Parental attitudes toward baseball began to change as American Jews prospered. By the time Sandy Koufax was a teenager in 1950s Brooklyn, his stepfather, a lawyer, was supportive of his participation in baseball and basketball teams both in school and at the local Jewish center. Since then, an increasing number of Jewish parents have come to see sports as vital for a well-rounded childhood. “Unlike the way I was raised, where my parents thought sports were frivolous, I raised my children on the importance of sports for healthy development, physically and cognitively,” says Dan Lebowitz, Executive Director of Northeastern University’s Center for the Study of Sport in Society.
Today’s parents also “see the potential of being a pro athlete,” he adds, which has made a career in professional baseball more “culturally acceptable for Jews.” There are more teams today—30 compared to 16 in 1960—and it can’t be ignored that these teams offer players much more lucrative salaries than in the past. The average major league salary tops $3 million a year and some, like Ryan Braun, make far more. “Why wouldn’t parents want their sons to play baseball?” says 65-year-old Hall of Fame pitcher Jim Palmer, whose stepfather was Jewish. “You can make a lot of money today, probably more than if you’re a doctor or a lawyer.”
Not that the current crop of Jewish major league players are an uneducated bunch. Spending time on campus has long been a way to hone skills and gain strength and experience: Eight of the 10 Jewish players who started the 2011 season went to college for at least a year, including Breslow, who graduated from Yale, and Fuld, who graduated from Stanford. This is a staggering proportion when compared to the roughly 30 percent of all major league players who have attended college. Since the average professional baseball career spans 5.6 years, Jewish players are more likely to be better prepared for the inevitable second career.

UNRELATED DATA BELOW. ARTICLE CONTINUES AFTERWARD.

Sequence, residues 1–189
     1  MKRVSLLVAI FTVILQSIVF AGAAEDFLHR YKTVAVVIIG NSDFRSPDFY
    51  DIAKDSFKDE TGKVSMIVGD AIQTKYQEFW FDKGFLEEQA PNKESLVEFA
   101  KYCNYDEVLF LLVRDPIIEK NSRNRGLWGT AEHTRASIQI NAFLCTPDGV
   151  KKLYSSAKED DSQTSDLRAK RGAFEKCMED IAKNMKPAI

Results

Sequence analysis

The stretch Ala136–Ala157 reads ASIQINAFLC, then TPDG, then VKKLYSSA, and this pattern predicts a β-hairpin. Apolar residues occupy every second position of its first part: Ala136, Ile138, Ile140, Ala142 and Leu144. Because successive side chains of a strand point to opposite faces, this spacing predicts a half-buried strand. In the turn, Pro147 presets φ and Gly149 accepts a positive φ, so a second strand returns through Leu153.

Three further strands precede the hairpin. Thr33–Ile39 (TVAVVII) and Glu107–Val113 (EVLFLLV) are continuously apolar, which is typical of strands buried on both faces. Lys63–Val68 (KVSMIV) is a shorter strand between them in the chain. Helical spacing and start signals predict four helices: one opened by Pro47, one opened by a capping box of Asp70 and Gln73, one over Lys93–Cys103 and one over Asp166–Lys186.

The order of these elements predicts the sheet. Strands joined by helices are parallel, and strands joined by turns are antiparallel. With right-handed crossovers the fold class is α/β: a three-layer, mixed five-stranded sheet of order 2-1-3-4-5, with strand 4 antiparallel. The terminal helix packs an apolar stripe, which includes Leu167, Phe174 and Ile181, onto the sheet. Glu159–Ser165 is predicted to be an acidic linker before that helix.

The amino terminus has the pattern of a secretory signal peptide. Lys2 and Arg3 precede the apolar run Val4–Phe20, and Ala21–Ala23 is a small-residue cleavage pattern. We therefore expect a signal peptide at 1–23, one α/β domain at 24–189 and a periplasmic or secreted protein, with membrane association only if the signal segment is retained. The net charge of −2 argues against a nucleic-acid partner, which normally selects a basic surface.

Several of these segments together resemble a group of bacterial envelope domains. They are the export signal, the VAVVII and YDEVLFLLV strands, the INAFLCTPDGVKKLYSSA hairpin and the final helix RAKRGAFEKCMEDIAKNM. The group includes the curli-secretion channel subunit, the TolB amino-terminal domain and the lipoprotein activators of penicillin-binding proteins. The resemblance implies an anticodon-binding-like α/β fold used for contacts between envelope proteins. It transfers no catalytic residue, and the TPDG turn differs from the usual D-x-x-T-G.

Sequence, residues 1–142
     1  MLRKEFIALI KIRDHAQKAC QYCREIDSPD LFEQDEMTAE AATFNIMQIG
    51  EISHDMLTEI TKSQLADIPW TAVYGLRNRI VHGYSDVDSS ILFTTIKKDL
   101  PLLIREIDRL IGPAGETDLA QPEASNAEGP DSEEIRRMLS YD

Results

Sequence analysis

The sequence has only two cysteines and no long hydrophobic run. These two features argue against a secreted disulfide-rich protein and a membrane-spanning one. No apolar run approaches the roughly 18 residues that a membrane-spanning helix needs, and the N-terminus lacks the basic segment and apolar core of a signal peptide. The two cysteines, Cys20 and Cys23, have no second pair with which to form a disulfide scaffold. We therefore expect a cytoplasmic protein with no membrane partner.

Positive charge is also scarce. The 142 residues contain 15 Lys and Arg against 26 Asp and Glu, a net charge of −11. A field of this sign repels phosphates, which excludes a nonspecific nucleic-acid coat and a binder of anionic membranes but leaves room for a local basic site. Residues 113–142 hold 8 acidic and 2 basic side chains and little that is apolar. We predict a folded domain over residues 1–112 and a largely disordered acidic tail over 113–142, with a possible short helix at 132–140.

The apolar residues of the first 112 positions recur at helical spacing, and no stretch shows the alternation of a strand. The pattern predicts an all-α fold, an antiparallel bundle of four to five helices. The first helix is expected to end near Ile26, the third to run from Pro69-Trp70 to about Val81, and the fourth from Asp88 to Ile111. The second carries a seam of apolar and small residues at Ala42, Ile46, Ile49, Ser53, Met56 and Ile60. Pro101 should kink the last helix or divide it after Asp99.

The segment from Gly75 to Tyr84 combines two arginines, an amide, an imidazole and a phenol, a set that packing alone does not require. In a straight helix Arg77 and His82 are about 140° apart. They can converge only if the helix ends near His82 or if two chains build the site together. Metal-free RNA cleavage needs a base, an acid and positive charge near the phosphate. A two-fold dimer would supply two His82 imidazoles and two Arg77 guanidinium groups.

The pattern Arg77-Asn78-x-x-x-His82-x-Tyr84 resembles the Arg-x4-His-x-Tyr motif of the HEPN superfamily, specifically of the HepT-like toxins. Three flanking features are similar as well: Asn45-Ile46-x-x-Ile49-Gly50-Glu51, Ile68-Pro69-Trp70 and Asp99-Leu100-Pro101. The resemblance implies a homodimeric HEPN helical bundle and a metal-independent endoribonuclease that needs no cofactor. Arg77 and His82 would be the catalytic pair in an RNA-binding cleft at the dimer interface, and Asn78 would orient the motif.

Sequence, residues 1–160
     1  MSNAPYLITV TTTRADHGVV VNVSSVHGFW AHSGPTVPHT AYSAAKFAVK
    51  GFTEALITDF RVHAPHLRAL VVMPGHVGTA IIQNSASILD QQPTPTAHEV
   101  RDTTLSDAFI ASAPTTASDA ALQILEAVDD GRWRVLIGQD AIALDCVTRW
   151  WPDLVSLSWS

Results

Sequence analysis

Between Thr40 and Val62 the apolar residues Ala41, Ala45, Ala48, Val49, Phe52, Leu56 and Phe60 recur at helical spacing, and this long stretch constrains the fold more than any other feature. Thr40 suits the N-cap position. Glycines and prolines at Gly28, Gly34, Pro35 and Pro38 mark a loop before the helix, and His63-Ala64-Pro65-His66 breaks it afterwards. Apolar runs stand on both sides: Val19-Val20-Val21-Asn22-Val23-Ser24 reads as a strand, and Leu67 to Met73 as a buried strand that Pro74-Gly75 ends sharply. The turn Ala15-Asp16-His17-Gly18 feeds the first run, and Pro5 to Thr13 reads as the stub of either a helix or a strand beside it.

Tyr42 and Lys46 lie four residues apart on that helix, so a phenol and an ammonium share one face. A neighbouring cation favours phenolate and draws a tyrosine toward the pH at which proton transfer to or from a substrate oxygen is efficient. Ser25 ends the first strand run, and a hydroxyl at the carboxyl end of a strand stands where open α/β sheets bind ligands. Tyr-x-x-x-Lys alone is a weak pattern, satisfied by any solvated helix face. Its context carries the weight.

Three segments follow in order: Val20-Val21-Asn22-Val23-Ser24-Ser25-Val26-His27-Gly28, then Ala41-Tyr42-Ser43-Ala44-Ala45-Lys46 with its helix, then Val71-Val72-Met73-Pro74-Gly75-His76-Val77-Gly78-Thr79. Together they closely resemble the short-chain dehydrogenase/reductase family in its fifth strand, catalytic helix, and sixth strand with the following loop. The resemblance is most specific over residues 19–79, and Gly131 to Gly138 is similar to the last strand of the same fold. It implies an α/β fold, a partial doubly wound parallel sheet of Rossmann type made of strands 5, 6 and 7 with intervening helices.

Fortunately, today’s Jewish players, unlike Hall of Famers Greenberg and Koufax, whose every moves were scrutinized by hundreds of thousands of American Jews, have more room to be themselves, which can mean anything from playing while fasting on Yom Kippur to declining to discuss their Jewish heritage. “When Sandy Koufax was the best pitcher in baseball, we were just 20 years removed from the Holocaust, and Jews were very proud that he was Jewish,” says John Thorn, an author of several sports books and the official historian of Major League Baseball since 2008. “Today, Jews are so assimilated and blended in the culture that we don’t need Jewish baseball players.”
Whether or not this is true, baseball runs deep in the American Jewish soul, and Jews remain passionate about fellow members of the tribe. “I don’t think Jews rooting for Jews has changed from the days of Greenberg and Koufax,” says Lebowitz. “Youkilis is still the first name I look for in the box scores every day, and so do my sons. I root for Braun and Kinsler and the rest of the Jews in baseball.” The opposite can occur as well: When Jason Kipnis was called up to the Cleveland Indians, Jewish sports fans cheered only to be severely disappointed a few weeks later when his spokesman confirmed that the 24-year-old, whose father is Jewish, is a practicing Roman Catholic.
Does all this add up to a new golden age? The numbers may say yes: This season two late summer arrivals were the Philadelphia Phillies’ relief pitcher Michael Schwimer, a University of Virginia graduate, and new Red Sox catcher Ryan Cole Lavarnway, a Yale graduate. Others such as Matt Kramer, a Harvard grad, are not far behind in the minor league. Despite the high caliber of players, the jury is still out as to whether these are really Jewish baseball’s halcyon days. “To me,” sighs Thorn, “the golden age of baseball is whenever you were 12 years old.”